A colleague of mine, a clinical therapist, shares this story: A woman came to him in considerable distress. Her husband had recently died of a heart attack. His death had been sudden and at a most inept time. They’d been happily married for thirty years and, during all those years, had never had a major crisis in their relationship. On the day her husband died, they had gotten into an argument about something very insignificant and it had escalated to where they began to hurl some mean and cutting words at each other. At a point, agitated and angry, her husband stomped out of the room, told her he was going shopping, then died of a heart attack before he got to the car. Understandably, the woman was devastated, by the sudden death of her spouse but also by that last exchange. “All these years,” she lamented, “we had this loving relationship and then we have this useless argument over nothing and it ends up being our last conversation!”
The therapist led off with something meant partially in humor. He said: “How horrible of him to do that to you! To die just then!” Obviously the man hadn’t intended his death, but its timing was in fact awfully unfair to his wife, as it left her holding a guilt that was seemingly permanent with no apparent avenue for resolution.
However, after that opening, the therapist followed by asking her: “If you had your husband back for five minutes what would you say to him?” Without hesitation, she answered: “I’d tell him how much I loved him, how good he was to me for all these years, and how our little moment of anger at the end was a meaningless epi-second that means nothing in terms our love.”
The therapist then said: “You’re a woman of faith, you believe in the communion of saints; well, your husband is alive still and present to you now, so why don’t you just say all those things to him right now. It’s not too late to express that all to him!”
He’s right. It’s never too late! It’s never too late to tell our deceased loved ones how we really feel about them. It’s never too late to apologize for the ways we might have hurt them. It’s never too late to ask their forgiveness for our negligence in the relationship, and it’s never too late to speak the words of appreciation, affirmation, and gratitude that we should have spoken to them while they were alive. As Christians, we have the great consolation of knowing that death isn’t final, that it’s never too late.
And we desperately need that particular consolation … and that second chance. No matter who we are, we’re always inadequate in our relationships. We can’t always be present to our loved ones as we should, we sometimes say things in anger and bitterness that leave deep scars, we betray trust in all kinds of ways, and we mostly lack the maturity and self-confidence to express the affirmation we should be conveying to our loved ones. None of us ever fully measures up. When Karl Rahner says that none of us ever experience the “full symphony” in this life, he isn’t just referring to the fact that none of us ever fully realizes her dream, he’s also referring to the fact that in all of our most important relationships none of us ever fully measures up.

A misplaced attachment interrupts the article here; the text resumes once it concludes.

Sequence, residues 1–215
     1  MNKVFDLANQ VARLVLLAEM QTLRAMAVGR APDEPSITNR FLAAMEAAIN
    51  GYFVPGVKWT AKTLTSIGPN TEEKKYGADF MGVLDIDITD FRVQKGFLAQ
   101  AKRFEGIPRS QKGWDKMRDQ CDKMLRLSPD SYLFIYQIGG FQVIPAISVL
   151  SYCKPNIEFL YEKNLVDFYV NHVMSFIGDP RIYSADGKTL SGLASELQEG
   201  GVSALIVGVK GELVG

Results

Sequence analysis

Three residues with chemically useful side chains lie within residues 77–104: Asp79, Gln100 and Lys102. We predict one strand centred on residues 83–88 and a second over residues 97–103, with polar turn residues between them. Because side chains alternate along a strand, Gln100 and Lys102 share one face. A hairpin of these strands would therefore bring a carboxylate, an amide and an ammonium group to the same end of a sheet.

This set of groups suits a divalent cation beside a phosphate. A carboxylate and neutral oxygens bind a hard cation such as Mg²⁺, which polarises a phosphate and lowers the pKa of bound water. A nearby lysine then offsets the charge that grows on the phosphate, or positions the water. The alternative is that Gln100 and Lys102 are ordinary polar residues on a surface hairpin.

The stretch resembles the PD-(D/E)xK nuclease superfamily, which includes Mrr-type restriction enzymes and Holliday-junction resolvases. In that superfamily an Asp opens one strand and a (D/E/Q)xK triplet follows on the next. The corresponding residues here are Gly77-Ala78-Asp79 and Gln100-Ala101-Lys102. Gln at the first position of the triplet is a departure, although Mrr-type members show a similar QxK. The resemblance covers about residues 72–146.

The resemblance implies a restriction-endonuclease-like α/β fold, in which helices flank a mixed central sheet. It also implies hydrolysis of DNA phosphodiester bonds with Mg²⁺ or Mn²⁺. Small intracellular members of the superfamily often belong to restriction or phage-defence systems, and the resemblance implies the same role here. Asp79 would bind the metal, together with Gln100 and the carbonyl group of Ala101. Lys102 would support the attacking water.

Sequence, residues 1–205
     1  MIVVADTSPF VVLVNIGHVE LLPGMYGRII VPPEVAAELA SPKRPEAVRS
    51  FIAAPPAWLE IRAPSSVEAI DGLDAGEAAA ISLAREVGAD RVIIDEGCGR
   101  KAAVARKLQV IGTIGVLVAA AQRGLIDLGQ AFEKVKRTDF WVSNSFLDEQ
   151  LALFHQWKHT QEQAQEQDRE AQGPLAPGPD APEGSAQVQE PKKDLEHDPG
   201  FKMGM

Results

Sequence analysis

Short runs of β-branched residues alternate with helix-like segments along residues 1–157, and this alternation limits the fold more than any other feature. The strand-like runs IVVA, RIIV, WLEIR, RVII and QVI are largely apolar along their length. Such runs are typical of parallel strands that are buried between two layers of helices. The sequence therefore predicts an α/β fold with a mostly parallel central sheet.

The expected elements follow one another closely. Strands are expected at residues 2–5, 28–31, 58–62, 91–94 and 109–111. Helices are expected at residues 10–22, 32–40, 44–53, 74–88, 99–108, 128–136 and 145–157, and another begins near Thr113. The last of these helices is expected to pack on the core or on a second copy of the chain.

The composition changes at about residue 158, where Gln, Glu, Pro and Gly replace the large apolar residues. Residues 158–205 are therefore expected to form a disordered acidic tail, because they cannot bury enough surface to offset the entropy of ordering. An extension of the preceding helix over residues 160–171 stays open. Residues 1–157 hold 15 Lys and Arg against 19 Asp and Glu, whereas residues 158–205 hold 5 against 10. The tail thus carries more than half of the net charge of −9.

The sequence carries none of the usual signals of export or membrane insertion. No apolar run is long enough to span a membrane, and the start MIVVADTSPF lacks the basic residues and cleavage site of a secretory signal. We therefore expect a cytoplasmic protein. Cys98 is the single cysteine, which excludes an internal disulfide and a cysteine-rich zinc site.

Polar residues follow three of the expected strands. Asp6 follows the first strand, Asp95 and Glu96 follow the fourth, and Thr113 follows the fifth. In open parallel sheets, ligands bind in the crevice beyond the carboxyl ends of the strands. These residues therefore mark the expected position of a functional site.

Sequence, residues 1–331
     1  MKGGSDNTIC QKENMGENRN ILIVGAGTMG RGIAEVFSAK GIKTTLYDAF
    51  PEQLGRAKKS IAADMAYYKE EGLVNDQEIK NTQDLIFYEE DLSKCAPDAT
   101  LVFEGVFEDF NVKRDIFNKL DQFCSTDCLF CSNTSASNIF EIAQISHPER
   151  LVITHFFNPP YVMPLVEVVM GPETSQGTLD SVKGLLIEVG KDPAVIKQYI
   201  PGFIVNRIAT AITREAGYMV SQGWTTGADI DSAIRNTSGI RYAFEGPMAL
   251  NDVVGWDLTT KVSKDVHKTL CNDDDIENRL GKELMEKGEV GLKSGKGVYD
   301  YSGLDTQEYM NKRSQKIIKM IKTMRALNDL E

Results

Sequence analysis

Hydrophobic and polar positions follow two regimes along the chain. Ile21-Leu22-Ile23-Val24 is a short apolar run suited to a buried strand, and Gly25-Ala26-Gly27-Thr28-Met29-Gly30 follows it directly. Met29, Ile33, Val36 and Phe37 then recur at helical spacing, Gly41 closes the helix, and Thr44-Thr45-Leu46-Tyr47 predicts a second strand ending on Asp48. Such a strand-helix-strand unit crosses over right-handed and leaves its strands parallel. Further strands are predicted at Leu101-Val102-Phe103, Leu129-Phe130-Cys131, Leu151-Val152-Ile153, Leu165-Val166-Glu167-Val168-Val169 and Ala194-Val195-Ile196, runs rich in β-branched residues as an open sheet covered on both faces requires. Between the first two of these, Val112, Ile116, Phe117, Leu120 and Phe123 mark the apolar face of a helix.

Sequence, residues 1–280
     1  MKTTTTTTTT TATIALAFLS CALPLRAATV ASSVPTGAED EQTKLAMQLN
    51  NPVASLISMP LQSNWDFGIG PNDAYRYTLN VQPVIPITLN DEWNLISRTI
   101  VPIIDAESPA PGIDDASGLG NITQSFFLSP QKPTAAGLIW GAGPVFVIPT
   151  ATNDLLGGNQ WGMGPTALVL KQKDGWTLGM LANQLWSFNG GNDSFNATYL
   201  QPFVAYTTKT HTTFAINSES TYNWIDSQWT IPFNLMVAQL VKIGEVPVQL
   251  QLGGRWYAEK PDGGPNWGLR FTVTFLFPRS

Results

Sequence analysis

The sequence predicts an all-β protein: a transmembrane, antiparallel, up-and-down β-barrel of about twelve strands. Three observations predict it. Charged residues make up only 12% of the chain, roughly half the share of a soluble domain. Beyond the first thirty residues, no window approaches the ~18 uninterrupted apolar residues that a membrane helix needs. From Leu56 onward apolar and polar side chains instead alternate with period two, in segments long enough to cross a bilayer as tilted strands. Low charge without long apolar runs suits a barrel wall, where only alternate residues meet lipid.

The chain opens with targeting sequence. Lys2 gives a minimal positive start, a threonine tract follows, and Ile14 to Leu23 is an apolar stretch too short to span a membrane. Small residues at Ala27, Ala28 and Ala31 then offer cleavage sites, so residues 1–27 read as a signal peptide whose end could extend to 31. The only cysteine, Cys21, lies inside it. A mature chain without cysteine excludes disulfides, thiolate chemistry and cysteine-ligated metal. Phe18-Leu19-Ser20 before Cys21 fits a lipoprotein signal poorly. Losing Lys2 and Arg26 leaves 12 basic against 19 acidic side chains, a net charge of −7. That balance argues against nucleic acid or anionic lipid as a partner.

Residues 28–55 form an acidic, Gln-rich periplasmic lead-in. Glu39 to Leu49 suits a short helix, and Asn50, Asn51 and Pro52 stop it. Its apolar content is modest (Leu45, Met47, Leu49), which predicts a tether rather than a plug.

At the end of the day, all of us lose loved ones in ways similar to how that woman lost her husband, with unfinished business, with bad timing. There are always things that should have been said and weren’t and there are always things that shouldn’t have been said and were.
But that’s were our Christian faith comes in. We aren’t the only ones who come up short. At the moment of Jesus’ death, virtually all of his disciples had deserted. The timing here was also very bad. Good Friday was bad long before it was good. But, and this is the point, as Christians, we don’t believe there will always be happy endings in this life, nor that we will always be adequate in life. Rather we believe that the fullness of life and happiness will come to us through the redemption of what has gone wrong, not least with what has gone wrong because of our own inadequacies and weakness.
G.K. Chesterton said that Christianity is special because in its belief in the communion of saints, “even the dead get a vote”. They get more than a vote. They still get to hear what we’re saying to them.
So … if you’ve lost a loved one in a situation where there was still something unresolved, where there was still a tension that needed easing, where you should have been more attentive, or where you feel badly because you never adequately expressed the affirmation and affection that you might have, know it’s not too late. It can all still be done!